Economist: Crop-Pricing Strategy Demands A Look Beyond Harvest

October 27, 2009 07:00 PM

Sharply higher crop prices over the past six weeks allows producers to be more aggressive with harvest time sales, especially in light of price uncertainties expected after harvest, says Darrel Good, University of Illinois economist.
"The big factor supporting corn and soybean prices in recent weeks has been the delay in getting the crops harvested. Futures prices have moved sharply higher and basis levels have been unusually strong as supplies in the cash market are limited,” he said.
In addition, the delayed harvest has increased concern about yield losses and additional deterioration of overall quality of the crop.
"It appears that the market thinks yield loss to date has been minimal, but it also recognizes the potential for more significant losses in both quantity and quality as time passes,” Good said.
The next assessment of production potential will be available with the USDA's November Crop Production report to be released on November 10. Following that report, the final production estimate will be released in the second full week of January 2010.
"In the longer term, the price implications of crop size will be determined by the strength of demand for corn and soybeans. It is the combination of crop size and demand strength that will influence the post-harvest price pattern, and it is that combination the market is trying to anticipate,” Good said.
Also the timing and the magnitude of U.S. economy's recovery as well as the recovery of the world economy will be an important factor in determining future demand strength for corn and soybeans and other commodities.
"Prospects for income growth and lower unemployment rates would suggest a recovery in demand for meat and therefore a strong demand for feed ingredients. Similarly, higher energy prices would point to strong demand for biofuels. Similarly, lack of economic recovery would likely result in weak demand in each of these sectors,” Good said.
As the marketing year progresses the rate of consumption of corn and soybeans will be used as a measure of demand strength.
"The rate of consumption, however, needs to be evaluated in relation to the price level. A high rate of consumption at high price levels, for example, is an indication of strong demand. At the other extreme, a low rate of consumption at low prices is an indication of weak demand,” Good said.
For soybeans, the pace of export sales remains very large. As of October 15, the USDA reported total export commitments for the current marketing year stood at 818 million bushels, 63 percent of the projected shipments for the year. A year ago, commitments totaled 470 million bushels, or 37 percent of eventual shipments.
"Aggressive buying by China accounts for the large year-over-year increase. The market will be watching for a slowdown in the pace of sales and will be evaluating South American production potential to determine the level of competition for U.S. soybeans during the last half of the 2009-10 marketing year,” Good said.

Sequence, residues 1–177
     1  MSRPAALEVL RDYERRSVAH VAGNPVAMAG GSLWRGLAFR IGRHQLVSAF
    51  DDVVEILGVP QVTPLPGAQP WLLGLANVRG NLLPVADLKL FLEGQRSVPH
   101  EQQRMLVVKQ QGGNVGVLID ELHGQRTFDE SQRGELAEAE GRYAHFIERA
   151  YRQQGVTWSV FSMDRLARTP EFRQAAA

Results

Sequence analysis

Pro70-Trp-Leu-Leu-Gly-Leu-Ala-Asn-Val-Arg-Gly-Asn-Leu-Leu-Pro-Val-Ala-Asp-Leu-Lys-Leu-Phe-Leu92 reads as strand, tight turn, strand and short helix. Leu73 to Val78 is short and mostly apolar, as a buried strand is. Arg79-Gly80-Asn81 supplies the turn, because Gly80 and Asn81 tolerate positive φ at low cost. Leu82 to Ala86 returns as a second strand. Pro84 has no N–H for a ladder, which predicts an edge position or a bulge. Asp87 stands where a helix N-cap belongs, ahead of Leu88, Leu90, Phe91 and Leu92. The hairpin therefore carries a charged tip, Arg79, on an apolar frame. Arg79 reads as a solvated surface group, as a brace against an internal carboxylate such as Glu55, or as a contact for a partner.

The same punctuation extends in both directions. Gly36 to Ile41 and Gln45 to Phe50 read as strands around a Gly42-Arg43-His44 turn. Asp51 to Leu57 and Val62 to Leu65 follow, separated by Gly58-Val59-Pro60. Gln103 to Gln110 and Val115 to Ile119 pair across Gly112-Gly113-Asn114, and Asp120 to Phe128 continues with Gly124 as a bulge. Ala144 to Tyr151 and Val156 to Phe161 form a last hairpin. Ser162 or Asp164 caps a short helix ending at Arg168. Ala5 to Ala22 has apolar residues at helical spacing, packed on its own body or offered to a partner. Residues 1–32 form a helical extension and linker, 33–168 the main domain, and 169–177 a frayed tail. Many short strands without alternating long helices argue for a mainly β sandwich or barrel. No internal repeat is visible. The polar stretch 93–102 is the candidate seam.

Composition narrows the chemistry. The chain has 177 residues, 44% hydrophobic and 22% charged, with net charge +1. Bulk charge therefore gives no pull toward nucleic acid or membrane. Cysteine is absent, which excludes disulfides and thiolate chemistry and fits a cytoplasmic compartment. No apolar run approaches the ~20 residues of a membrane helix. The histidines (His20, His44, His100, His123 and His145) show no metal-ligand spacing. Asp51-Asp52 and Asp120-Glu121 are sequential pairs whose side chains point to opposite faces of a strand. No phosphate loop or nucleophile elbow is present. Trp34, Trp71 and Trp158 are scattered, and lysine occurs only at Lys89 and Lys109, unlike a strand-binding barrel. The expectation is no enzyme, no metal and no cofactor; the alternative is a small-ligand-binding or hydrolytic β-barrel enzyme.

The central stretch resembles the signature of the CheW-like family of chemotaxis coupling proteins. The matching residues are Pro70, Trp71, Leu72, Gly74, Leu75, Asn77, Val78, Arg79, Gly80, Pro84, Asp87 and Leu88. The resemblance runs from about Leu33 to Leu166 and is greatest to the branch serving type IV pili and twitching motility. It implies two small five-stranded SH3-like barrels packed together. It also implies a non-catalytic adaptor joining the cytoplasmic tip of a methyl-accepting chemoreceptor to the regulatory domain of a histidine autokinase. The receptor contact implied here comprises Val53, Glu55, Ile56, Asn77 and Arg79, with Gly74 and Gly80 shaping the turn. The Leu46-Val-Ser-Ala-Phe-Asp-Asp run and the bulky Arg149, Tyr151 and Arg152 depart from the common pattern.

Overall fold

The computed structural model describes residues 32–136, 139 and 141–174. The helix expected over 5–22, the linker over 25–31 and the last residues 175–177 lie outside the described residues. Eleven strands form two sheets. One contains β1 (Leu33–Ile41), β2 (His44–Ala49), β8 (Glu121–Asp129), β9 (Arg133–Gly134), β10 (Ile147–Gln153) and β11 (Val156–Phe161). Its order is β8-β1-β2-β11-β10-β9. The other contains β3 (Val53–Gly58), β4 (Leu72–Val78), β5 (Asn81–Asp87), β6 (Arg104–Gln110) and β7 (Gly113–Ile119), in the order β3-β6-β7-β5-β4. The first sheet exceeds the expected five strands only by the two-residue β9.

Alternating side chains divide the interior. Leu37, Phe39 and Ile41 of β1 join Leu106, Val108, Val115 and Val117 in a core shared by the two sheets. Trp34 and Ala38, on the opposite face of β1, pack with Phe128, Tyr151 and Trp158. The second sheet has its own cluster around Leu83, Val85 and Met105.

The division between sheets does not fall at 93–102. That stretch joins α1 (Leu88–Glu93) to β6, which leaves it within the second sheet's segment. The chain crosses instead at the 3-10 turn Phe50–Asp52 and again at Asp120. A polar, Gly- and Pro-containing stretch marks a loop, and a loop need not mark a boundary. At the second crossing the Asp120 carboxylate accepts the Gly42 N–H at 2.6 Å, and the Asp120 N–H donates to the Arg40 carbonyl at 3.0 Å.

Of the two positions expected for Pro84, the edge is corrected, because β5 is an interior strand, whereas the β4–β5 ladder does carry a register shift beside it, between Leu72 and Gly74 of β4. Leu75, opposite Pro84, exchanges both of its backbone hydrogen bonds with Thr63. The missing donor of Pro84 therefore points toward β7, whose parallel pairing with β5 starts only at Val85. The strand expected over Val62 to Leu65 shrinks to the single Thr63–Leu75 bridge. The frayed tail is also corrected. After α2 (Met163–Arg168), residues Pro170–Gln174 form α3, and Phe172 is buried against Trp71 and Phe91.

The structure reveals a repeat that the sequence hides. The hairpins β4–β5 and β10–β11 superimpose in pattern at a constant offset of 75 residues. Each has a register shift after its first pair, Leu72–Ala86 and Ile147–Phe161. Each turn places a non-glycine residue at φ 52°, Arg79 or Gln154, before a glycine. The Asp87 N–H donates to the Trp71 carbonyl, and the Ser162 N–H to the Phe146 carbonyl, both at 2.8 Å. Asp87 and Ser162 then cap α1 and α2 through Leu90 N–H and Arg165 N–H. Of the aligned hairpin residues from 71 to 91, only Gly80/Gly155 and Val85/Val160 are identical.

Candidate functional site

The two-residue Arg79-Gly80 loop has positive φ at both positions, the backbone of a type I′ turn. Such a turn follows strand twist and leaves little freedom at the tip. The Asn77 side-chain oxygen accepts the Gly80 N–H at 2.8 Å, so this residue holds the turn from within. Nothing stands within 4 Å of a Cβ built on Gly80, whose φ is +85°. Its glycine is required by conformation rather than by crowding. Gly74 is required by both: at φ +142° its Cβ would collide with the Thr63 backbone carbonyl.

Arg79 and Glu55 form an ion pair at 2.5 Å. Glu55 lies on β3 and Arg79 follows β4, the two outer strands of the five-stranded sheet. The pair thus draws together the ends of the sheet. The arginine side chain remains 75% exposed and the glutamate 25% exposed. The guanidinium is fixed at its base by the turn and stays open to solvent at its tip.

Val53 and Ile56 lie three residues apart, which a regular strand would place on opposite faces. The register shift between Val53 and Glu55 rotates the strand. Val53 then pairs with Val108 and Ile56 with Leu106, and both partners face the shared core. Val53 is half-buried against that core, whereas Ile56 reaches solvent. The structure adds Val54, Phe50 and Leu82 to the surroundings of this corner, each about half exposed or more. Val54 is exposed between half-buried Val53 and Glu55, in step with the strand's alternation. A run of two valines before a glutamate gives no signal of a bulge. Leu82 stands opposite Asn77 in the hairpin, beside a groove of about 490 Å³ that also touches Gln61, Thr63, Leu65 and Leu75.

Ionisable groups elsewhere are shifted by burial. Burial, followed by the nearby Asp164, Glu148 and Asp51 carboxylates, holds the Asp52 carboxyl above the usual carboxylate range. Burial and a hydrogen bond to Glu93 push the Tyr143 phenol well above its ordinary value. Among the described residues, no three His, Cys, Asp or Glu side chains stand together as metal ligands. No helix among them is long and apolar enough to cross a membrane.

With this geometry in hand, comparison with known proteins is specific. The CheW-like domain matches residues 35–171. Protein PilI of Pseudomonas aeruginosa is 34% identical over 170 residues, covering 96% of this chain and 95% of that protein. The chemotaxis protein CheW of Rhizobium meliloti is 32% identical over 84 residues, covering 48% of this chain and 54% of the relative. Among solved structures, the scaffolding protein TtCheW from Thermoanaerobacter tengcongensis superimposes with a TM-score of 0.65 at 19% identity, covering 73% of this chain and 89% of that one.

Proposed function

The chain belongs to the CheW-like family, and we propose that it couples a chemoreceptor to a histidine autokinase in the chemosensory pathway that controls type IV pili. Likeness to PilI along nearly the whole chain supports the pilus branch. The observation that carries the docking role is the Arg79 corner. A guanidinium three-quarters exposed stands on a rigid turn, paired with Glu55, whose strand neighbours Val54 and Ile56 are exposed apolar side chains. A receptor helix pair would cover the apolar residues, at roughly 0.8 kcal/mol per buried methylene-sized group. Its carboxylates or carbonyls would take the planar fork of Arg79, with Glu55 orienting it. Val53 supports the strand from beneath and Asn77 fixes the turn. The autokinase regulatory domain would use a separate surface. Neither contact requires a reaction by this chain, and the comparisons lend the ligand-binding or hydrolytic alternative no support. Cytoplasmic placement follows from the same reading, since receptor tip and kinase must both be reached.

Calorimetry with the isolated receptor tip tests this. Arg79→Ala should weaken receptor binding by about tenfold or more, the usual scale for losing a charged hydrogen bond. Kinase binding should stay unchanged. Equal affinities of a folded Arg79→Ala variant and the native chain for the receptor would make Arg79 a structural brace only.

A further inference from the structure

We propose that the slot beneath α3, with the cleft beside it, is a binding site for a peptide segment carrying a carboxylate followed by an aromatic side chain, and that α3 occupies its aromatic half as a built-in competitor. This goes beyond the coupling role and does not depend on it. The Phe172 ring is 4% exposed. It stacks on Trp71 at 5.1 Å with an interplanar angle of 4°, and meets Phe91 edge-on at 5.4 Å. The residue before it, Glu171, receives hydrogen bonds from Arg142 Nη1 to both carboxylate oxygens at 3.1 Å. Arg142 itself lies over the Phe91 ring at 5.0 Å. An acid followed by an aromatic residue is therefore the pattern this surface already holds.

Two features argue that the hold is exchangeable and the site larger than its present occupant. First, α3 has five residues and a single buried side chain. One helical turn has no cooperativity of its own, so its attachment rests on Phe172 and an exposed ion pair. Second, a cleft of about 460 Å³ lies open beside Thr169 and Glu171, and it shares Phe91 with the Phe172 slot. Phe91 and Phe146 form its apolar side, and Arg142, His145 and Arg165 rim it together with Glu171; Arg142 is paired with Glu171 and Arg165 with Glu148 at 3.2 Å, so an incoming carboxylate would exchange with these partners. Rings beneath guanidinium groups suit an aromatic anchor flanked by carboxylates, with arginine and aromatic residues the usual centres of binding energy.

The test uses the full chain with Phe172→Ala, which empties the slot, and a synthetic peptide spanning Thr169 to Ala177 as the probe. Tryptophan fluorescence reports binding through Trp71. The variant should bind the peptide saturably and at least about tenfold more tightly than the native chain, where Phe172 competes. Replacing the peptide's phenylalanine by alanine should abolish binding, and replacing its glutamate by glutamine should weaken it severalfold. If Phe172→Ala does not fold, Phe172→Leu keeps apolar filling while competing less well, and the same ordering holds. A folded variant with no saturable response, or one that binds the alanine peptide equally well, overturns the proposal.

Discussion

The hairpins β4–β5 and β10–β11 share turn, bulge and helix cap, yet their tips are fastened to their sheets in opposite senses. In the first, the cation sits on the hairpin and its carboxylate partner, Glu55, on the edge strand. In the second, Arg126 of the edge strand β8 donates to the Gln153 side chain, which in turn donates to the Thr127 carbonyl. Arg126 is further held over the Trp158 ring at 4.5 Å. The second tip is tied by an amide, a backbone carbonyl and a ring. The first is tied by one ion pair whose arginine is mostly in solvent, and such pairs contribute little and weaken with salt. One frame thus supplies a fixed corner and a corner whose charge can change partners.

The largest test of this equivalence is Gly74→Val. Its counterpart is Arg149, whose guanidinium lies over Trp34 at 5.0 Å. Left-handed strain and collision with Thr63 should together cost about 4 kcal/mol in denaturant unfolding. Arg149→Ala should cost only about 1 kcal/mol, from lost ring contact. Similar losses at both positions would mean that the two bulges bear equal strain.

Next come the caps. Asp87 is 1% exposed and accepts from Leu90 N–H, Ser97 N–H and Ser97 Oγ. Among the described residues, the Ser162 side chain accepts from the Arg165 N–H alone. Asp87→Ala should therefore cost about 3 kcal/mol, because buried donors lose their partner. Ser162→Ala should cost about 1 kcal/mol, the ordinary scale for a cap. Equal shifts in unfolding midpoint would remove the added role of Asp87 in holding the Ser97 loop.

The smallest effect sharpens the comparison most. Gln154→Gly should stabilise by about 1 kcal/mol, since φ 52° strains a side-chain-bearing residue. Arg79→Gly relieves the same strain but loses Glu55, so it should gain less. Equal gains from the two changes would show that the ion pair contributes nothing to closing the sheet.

The domestic soybean crush during September, the first month of the 2009-10 marketing year, was at a 12-year low of 114 million bushels. A small inventory of old crop soybeans and delayed harvest of the 2009 crop may have limited availability for crush.
"But large crush margins during the month provided strong motivation for crushing more soybeans. Apparent consumption of soybean meal during September was also at a 12-year low while apparent consumption of soybean oil was at an 8-year low. Ample month-end stocks of soybeans, meal, and oil at processing plants hinted of some weakness in meal and oil demand,” Good said.
For corn, the pace of export sales has moderated, totaling only 9.2 million bushels during the week ended October 15. Total export commitments as of that date represented 31 percent of the USDA's current projection of exports for the year and were only 4.5 percent larger than commitments of a year earlier. New sales will need to average about 32 million bushels per week to be on pace to reach the USDA projection of 2.15 billion bushels for the year.
"The economics of ethanol blending and production remain very robust, with all indicators pointing to a return to reasonable returns for ethanol producers even as corn prices have increased,” Good said.
"Higher gasoline and ethanol prices have compensated for higher corn prices. Strong blending economics have resulted in higher ethanol prices as gasoline prices increased. Demand for ethanol is strong. The level of gasoline prices in relation to corn prices will be important in determining ethanol demand as the year progresses,” he said.
Feed and residual use of corn during the first quarter of the 2009-10 marketing year will be revealed in the USDA's December Grain Stocks report to be released in the second full week of January 2010. Low livestock prices, declining livestock numbers, and increasing production of distillers' grain all point to weak feed demand.

News release provided by University of Illinois.


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